Detroit And Why The Bellow Will Not Mellow


(Critical writing often times deconstructs opposing arguments. Here I take down several arguments at once. I use an old favorite rhetorical device, an adjective-noun construction that gives the writing a pulse of two beats. /wr)

The fervor and rage with which the GOP seeks to dominate the conversation is on full exhibit in the loud bellow of its non-elected pundits to silence any conversation about race. Next is Detroit’s turn.

The assignment of blame is a GOP pillar. One of four used to cut the foundation of government. Blame is used to confuse the public about purpose and fault, and already the unions and city government are being blamed for economic decisions that devastated Detroit’s tax and job base. But GM market share dropped from 51% in 1971 to 18% today; the acres of abandoned factories are stark evidence not of union costs by management incompetence.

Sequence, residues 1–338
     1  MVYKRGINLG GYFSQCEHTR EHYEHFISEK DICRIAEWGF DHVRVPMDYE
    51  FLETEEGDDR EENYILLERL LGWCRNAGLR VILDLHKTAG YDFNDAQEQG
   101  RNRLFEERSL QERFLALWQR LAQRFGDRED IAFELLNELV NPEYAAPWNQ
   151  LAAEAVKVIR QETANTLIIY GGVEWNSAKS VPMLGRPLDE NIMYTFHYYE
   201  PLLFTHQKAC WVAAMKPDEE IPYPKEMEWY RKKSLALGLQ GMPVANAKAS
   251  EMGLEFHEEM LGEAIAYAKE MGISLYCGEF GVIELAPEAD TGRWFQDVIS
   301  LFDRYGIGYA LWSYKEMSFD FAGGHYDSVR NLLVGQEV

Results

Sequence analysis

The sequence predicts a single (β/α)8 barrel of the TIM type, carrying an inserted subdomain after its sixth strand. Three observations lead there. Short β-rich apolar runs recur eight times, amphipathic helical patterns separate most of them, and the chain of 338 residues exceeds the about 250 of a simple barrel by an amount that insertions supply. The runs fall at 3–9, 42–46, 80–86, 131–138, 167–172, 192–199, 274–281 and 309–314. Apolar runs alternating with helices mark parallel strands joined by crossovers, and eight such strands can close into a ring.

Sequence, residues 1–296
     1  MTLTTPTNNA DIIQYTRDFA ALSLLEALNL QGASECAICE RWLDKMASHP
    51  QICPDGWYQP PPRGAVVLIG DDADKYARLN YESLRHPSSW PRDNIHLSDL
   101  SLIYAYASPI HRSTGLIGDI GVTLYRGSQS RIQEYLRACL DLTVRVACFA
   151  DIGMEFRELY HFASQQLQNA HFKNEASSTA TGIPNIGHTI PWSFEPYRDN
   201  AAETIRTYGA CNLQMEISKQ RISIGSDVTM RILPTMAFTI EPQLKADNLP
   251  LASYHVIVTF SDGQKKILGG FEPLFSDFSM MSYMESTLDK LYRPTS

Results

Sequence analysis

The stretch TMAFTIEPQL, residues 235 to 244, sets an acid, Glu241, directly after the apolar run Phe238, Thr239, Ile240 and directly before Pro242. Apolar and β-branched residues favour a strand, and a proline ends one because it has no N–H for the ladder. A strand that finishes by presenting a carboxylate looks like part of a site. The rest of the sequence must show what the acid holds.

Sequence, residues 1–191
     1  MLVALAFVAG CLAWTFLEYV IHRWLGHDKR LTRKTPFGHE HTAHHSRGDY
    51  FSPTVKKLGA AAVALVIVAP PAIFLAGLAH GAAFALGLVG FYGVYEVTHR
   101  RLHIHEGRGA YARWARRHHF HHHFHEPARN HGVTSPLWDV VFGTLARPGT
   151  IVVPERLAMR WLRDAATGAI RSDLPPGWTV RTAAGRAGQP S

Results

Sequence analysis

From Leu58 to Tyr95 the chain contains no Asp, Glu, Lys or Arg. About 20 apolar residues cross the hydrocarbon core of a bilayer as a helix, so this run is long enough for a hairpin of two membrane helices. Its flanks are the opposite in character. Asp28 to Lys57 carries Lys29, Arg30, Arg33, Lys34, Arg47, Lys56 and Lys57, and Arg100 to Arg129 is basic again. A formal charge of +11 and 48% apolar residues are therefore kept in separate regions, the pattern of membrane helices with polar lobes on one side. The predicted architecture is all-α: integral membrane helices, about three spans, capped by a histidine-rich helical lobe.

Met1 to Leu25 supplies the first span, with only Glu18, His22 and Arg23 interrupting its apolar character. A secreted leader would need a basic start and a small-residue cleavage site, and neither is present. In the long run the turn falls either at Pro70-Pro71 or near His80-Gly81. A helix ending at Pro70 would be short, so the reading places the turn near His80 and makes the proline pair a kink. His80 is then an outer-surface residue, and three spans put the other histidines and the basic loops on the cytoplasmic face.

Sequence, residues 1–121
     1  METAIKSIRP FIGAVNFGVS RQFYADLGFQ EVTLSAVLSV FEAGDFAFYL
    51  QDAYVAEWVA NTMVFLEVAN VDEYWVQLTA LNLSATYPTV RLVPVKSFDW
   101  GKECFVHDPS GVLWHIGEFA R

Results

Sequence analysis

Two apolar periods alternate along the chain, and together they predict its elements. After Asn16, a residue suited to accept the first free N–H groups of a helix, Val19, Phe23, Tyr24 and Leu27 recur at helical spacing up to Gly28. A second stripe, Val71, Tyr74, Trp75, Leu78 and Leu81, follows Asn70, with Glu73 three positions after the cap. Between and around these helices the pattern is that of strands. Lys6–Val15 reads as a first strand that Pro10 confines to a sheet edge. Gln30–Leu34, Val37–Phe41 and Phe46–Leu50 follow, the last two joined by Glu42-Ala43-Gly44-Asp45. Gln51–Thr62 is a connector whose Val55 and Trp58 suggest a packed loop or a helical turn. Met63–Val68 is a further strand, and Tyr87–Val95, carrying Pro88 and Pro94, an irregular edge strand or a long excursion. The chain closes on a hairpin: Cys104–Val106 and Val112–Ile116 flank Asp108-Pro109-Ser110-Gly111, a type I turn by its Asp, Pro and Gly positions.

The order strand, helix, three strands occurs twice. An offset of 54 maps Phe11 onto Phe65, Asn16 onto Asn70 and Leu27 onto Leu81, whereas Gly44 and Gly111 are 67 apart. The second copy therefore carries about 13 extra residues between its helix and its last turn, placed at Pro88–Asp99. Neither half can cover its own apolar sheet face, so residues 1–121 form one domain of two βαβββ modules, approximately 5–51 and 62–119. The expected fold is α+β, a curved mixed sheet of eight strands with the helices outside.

The loss of Detroit’s tax and jobs base when its auto manufacturing industry imploded is the simple reason Detroit, a city in which manufacturing actually took place with legions of workers who were city residents, is unable to meet its obligations. But the bad decisions of jetted fat cats meet none of the fault.

The GOP cites the wrong bad apples and then impudently assign the characteristic of blame to the whole barrel.

But local problems, always present, don’t make a nation-wide trend. The failure remains in a logic that comes to a conclusion by the extracted fantasy of a false example.

In 1977, Gil Scott-Heron sang, “We Almost Lost Detroit.” Today we have.

But the new logic of why is rampant at the highest levels. Listen to the House Speaker: don’t judge Congress by the zero bills it passed; judge it by the zero bills it repealed.

 

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